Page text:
Promod Puri


As Halloween is approaching October 31, I would say that the most abused and wasted vegetable of the season is the most gigantic and nutritive pumpkin.

As these are left out in the chill of autumn nights, pumpkins rot and finally dumped.

Is that his or her karma carved by custom and tradition!

-Promod Puri



Understanding Physics of 2018 Nobel Winners

by Promod Puri

We are quite familiar with tweezers, the small nippers for plucking out unwanted hairs or extracting splinters.

But when these little tools are made of light beams to hold very tiny objects in scientific and medical fields, the optical tweezers play quite a significant role as technical aids in the studies of motions and behavior of molecular or cellular particles.

That precisely the reason the 2018 Nobel Prize in physics has been awarded to Arthur Ashkin for his works on optical tweezers.

Other co-winners of the Nobel Prize in physics are Gerard Mourou and Canadian scientist Donna Strickland for creating the technology which generates high-intensity, ultra-short laser pulses, which are used for eye surgeries and for studies of the extremely fast phenomenon in the atomic domain.

Light is more than making things visible. It is also a force. When applied to a physical object it is called radiation pressure. In this application, a coherent beam of light known as the laser is focussed on the object. An optical tweezer is created by two laser beams coming from the opposite direction and falling on the matter.

“In 1969, Arthur Ashkin used lasers to trap and accelerate micron-sized objects such as tiny spheres and water droplets. This led to the invention of optical tweezers that use two or more focused laser beams aimed in opposite directions to attract a target particle or cell toward the center of the beams and hold it in place. Each time the particle moves away from the center, it encounters a force pushing it back toward the center”, explains Todd Adams, Professor of Physics, Florida State University, in his article in The Conversation.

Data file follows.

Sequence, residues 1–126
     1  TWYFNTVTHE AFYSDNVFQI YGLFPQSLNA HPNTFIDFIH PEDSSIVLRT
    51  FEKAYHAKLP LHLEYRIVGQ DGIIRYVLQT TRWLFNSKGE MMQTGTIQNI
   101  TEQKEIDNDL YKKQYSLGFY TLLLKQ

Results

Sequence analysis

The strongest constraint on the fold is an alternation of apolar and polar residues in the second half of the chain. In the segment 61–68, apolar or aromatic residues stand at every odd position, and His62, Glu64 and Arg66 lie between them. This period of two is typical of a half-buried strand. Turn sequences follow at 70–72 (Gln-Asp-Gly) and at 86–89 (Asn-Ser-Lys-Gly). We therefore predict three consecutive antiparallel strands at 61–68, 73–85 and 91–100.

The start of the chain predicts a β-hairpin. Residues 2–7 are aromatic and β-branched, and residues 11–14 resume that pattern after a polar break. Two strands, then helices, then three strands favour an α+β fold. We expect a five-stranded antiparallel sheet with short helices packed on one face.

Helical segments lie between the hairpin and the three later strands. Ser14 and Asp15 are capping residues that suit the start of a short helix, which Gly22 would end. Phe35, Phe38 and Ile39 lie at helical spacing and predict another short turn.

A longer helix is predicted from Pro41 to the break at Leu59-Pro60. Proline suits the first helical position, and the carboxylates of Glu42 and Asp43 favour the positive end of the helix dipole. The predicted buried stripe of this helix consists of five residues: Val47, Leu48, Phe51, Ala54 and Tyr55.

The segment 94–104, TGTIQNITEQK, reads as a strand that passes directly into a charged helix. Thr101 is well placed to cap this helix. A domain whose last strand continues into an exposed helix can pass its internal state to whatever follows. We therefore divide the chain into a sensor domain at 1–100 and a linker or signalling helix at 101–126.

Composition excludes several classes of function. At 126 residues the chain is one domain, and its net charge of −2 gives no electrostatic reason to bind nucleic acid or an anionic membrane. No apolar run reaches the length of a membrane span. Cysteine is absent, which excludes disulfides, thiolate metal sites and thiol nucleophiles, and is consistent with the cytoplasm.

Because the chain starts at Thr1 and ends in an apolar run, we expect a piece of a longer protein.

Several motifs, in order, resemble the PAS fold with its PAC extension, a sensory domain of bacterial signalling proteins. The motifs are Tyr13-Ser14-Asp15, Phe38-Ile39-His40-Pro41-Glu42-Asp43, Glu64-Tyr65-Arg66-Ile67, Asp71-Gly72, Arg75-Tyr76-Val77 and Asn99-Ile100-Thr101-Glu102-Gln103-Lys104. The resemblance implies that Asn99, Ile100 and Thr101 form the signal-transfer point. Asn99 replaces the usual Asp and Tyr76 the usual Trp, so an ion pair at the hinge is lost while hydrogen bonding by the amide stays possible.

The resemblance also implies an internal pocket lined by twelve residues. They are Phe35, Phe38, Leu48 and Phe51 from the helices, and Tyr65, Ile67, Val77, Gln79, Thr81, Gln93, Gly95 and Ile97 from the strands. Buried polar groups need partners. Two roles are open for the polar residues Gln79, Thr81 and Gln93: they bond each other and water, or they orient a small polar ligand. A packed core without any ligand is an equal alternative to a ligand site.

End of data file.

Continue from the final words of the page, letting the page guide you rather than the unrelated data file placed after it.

While the Nobel recognized the works of optical tweezers by Ashkin, the development of other optical tools from light beams also has an essential contribution for generating high-intensity and ultra-short laser pulses. These intensified bursts of light are now the tools for eye surgeries. The pioneer works of Mourou and Strickland in developing these tools have earned them the Nobel Prize.

The two physicists invented the way to create intense light but for the extremely short duration. These are bursts or pulses of light of ultrashort-term in an attosecond, which is trillionth of a second.

“As an analogy, consider a thick rubber band. When the band is stretched, the rubber becomes thinner. When it is released, it returns to its original thickness. Now imagine that there is a way to make the stretched rubber band thicker. When the band is released, it will end up thicker than the original band. This is essentially what happens with the laser pulse”, writes Professor Adams.

The thicker or high-intensity laser bursts are used in eye surgeries and for studying ultra-fast activities at the atomic levels.

“The 2018 Nobel Prize in physics shines a light on the pioneering work of these three scientists. Over the past three decades, their inventions have created avenues of science and medical treatments that were previously unattainable”, Professor Adams concludes in his article.